United States Government Has Been Engaged Research Paper

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¶ … United States government has been engaged in what has been characterized as a "War on Drugs" for several decades (Suddath, 2009). Yet, as the violence surrounding the production and sale of drugs increases in locations such Mexico and Brazil an International Global Commission on Drug Policy has concluded that the United States' war on drugs is not working (Global Commission on Drug Policy). The Commission went even further by insisting that the United States and other nations involved in the war on drugs engage themselves in frank discussions regarding the issue and to consider legalizing certain drugs such as marijuana. Unfortunately, even if the United States would consider the Commission's recommendations, drug laws in the United States are primarily the province of the individual states, and it is highly questionable whether the federal government's intervention provides much additional protection and whether the government's involvement might actually be counterproductive.

The United States has made prior attempts at controlling the social activities of its citizen. In the 1920's, the U.S. Congress enacted legislation that attempted to prohibit the use of alcohol. The government experiment was a miserable failure and contributed to creating more problems than it ever solved. The experiment lasted just over a decade and Congress, recognizing its mistake, repealed prohibition in 1933 (Encylopedia Brittannica, 2011).Download full Download Microsoft Word File
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This situation presently facing the federal government in regard to the control of recreational drug usage and sale in the United States mirrors, in many regards, what the government tried to do through its involvement with Prohibition. The government's involvement in drug control has likely been more vigorous than any of its attempts during Prohibition. During the entire period of Prohibition the U.S. government spent only $88 million dollars in its attempts to enforce the law. This amount, which in present day dollars converts to $1 billion dollars, pales in comparison to what the U.S. government spends on drug enforcement. On an average, the United States spends about $12 billion. This amount is in addition to whatever the individual states spend on enforcement (White House Office of National Drug Control Policy, 2003).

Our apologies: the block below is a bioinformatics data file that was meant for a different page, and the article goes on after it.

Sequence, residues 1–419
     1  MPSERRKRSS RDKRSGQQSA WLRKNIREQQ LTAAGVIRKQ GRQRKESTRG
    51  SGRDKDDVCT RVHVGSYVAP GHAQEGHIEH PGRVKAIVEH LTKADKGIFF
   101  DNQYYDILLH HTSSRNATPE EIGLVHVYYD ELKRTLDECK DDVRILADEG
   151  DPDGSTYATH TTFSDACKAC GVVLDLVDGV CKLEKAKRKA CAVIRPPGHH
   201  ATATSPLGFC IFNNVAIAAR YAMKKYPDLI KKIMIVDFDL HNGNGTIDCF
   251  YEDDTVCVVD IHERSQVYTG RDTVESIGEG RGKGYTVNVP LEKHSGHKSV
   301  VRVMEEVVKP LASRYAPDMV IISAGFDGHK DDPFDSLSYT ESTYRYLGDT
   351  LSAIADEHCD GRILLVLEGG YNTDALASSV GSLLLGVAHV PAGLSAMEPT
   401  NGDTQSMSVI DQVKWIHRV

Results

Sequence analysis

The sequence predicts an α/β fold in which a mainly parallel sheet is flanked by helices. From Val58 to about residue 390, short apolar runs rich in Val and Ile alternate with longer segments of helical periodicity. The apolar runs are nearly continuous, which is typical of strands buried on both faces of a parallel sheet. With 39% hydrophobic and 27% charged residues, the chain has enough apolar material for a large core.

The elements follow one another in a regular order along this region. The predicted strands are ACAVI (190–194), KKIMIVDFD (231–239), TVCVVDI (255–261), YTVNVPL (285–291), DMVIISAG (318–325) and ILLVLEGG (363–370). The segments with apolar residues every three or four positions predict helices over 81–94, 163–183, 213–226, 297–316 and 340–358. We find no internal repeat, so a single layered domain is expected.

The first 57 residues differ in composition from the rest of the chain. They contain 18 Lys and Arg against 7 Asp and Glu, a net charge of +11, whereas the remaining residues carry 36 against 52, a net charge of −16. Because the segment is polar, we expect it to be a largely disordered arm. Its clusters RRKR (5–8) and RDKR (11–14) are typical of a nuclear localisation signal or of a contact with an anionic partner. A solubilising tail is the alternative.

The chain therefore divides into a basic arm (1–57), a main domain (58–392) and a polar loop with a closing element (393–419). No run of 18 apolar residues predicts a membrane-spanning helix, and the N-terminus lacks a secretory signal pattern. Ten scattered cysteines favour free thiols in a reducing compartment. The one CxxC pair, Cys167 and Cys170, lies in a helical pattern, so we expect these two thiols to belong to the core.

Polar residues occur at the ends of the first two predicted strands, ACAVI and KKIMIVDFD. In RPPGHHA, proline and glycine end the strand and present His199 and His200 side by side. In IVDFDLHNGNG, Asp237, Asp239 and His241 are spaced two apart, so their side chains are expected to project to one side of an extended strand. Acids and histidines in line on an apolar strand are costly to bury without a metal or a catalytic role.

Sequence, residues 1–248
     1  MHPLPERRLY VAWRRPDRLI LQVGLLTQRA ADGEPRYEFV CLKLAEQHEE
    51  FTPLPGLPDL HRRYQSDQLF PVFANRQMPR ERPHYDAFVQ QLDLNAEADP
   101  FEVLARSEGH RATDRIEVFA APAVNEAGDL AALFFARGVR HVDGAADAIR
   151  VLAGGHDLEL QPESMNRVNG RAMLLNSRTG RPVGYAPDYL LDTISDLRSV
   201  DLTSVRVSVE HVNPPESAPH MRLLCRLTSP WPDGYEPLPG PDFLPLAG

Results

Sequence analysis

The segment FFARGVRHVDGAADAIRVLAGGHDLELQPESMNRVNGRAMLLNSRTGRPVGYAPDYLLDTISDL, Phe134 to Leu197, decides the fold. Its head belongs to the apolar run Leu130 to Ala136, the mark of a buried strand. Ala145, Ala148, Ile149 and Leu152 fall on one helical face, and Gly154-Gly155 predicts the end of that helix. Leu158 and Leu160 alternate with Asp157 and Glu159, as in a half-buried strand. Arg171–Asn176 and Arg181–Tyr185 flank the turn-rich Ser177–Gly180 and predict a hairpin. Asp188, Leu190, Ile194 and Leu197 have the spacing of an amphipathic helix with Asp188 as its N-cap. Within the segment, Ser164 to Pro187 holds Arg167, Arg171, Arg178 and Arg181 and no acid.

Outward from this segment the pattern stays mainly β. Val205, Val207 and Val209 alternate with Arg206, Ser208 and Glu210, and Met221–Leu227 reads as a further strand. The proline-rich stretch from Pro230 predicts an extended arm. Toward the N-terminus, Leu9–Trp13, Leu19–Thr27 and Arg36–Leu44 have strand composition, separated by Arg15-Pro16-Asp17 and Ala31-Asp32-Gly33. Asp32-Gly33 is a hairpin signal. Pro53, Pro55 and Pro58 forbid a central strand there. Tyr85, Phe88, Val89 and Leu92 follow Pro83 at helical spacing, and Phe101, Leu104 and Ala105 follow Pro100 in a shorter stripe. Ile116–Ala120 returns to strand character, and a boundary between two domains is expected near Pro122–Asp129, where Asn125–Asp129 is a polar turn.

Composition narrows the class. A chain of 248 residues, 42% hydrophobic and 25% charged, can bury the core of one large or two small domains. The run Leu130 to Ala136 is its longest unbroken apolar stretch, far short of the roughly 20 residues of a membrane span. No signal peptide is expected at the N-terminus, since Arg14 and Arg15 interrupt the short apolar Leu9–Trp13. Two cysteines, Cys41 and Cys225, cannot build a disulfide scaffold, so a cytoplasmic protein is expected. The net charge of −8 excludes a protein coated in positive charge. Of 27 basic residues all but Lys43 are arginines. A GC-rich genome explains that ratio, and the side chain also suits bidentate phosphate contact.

It can be argued that this amount may be reasonable if such efforts are resulting in a significance decrease in drug usage and sales and there are some who argue that this is indeed the case. Total arrests related to drug usage, sale and production total over 1.5 million a year and the number of persons being incarcerated for drug offenses are far more than the number being incarcerated for other type crimes. The prisons are so full of persons charged with drug offenses that over 50% of all inmates are there because of their involvement with drugs (National Institute of Justice, 2009).

Conversely, however, the fact that our prisons are full of drug offenders has seemingly had little effect on the number of individuals using and abusing drugs, the number of persons selling drugs, or the occurrence of crimes related to crime usage, sales and production. Usage among youth, despite a massive federal effort to discourage such usage, has been largely ineffective. Most recent statistics indicate that marijuana usage among high school age students remains prevalent and that up to 82% of all students find marijuana either "fairly easy" or "very easy" to obtain (Frone, 2000).

The information on drug usage is not encouraging but the information regarding the increase in crime related to drugs is even more discouraging. The information is so discouraging in fact that many political leaders are calling for the end of federal involvement in drug enforcement (Webb, 2009).

The federal law that has been front and center in the federal government's involvement in drug enforcement for many years is the Controlled Substances Act of 1970 (Controlled Substance). The Act expanded the federal government's role in drug enforcement and changed the interaction between the federal government and the states relative to drug control.

The federal government's decision, however, to enter into the area of drug enforcement has forced it into an area that was never intended. Drug activity generates high levels of related crime activity. This activity is generated because addicts need to pay for their habit. In their attempts to do so, involvement in the black market is inevitable. Differences in the black market are not settled in the courts but in the streets. As a result, federal drug enforcement officials find themselves involved less with drug enforcement and more involved in other crimes.